Return to Longwood: Mums, Archives, and HEAT

 

 

10 days back in the States after a lovely English summer, and I think I’ve mostly settled myself in. The jet lag has finally subsided and my stomach has mostly caught up to being hungry at the proper times, but I’m not convinced I will acclimate to the heat (as I write this, the heat index is hovering around 98 degrees). There were only a handful of days in England this summer that got above 86, and even when it did, the humidity was nowhere near the oppressive mugginess of the Mid Atlantic. People keep telling me “at least it’s not as hot as it was a few weeks ago”. But somehow, that isn’t helping. Part of me has been wondering what the first colonists must have thought when they arrived. At least we have air conditioning!

Weather aside, it is so good to be back! For the first two months I will be splitting my time between working on the specialty mums and helping The Archives and Digital Gallery with a project.

This will be my third year assisting Yoko, Longwood’s specialty mum grower. Along with her small team, she is responsible for growing and training Longwood’s Thousand Bloom Chrysanthemum, the largest mum outside of Asia! On top of that enormous feat, there is also a slew of smaller (but still large) intensively trained mums that need constant attention.

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Yoko misting one of the Thousand Bloom Chrysanthemums to help keep it cool.

 

Much of the mum work right now involves bending and tying down the stems which will make them easier to move around for the final placement. Next week, we will begin disbudding the side flower buds so that all of the plant’s energy goes into each center bud.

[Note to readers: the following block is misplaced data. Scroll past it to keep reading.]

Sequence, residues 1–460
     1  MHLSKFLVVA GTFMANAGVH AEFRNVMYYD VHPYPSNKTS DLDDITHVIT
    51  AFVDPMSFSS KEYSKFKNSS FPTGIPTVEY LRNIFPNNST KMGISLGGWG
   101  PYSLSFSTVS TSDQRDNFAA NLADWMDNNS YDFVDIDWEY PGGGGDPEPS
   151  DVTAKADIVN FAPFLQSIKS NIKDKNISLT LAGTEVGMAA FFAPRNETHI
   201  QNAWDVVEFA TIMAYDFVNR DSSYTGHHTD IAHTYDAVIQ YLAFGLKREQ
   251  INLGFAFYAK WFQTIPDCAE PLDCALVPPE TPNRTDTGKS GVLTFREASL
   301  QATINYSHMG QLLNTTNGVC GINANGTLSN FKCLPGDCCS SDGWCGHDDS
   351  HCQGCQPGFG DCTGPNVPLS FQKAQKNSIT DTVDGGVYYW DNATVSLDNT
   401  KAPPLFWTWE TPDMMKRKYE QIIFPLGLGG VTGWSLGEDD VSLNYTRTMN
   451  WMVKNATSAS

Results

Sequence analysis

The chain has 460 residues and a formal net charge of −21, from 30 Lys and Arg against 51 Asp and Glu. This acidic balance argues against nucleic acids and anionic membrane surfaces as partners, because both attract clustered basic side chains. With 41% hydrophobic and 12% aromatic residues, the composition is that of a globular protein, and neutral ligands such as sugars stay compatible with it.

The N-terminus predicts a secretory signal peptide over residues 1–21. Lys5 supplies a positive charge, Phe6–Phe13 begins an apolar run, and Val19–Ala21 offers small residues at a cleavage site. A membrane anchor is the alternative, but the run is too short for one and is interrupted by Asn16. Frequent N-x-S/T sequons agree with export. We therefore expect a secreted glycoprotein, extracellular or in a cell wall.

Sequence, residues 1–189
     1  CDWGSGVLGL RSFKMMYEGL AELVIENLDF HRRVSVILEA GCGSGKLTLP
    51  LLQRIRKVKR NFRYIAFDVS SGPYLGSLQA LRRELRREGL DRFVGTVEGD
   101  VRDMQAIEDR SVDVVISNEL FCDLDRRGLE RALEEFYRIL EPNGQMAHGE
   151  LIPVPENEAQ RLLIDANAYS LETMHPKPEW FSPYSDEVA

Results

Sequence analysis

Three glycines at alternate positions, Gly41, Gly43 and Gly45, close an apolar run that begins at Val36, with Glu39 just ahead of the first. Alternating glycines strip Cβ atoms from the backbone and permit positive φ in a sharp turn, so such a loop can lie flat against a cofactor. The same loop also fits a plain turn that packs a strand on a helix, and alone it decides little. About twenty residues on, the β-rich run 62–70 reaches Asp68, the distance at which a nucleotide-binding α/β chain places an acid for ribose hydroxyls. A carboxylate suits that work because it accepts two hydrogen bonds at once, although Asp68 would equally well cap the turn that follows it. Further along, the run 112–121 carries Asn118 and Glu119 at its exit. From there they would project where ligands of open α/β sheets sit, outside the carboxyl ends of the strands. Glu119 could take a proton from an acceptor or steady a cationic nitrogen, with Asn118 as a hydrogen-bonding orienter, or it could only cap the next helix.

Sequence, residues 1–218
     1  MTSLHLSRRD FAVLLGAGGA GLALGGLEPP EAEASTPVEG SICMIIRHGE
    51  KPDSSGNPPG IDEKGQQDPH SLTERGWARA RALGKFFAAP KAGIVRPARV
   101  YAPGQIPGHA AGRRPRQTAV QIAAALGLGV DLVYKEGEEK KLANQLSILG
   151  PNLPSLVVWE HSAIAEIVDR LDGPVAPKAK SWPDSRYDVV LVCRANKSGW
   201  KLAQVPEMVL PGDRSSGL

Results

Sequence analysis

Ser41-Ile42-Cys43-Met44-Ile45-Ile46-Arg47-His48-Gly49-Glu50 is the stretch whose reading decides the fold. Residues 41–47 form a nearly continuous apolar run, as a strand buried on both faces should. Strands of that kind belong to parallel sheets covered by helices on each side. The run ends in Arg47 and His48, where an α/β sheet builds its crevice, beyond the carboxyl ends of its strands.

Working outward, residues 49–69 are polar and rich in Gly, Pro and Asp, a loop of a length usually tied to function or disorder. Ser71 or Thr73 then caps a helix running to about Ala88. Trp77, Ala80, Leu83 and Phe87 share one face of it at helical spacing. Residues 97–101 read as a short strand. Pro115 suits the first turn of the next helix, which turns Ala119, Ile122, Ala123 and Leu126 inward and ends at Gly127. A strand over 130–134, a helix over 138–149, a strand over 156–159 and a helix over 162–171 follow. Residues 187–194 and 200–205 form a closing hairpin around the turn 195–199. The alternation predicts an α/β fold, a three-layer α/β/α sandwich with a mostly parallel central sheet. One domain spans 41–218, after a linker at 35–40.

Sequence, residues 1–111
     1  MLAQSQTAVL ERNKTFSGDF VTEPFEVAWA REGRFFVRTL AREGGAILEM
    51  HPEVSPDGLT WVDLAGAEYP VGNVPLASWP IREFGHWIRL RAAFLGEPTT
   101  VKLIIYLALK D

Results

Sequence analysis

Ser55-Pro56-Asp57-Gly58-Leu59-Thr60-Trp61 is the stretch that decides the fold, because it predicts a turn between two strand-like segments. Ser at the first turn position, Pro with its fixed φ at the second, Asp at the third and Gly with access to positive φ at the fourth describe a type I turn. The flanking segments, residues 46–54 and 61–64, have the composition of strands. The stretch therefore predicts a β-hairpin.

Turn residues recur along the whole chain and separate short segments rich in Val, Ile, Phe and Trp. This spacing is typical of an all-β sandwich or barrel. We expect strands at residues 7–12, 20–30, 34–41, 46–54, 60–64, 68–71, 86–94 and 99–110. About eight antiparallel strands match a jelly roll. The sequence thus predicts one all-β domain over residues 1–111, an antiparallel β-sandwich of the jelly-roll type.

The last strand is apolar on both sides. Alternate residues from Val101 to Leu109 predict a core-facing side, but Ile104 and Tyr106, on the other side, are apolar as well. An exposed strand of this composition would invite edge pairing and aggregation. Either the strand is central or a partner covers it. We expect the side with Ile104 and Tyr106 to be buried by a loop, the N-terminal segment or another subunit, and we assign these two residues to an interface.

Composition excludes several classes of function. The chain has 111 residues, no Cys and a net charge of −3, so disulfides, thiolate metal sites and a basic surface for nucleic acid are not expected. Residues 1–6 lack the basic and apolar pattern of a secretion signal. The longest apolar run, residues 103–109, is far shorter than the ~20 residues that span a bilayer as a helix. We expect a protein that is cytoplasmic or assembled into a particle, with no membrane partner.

The other half of my week will be spent working in the perfectly air conditioned archives. Through my various experiences working at gardens of many different sizes and structures, I have come to appreciate just how important good archiving, record keeping, and collections management is to any garden. I wanted to focus part of my return experience at Longwood on developing these skills with The Archives and Digital Gallery team.

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A look into the vault where film and slides are kept in cold storage for preservation.

 

Over the next two months, I will be learning about the Digital Gallery and collections management by working on a project processing slides donated to Longwood by Eugene L. DiOrio. Already, I have taken inventory of 4285 color slides, with many more to follow before the scanning and uploading process begins.

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A few of Eugene DiOrio’s color slides.

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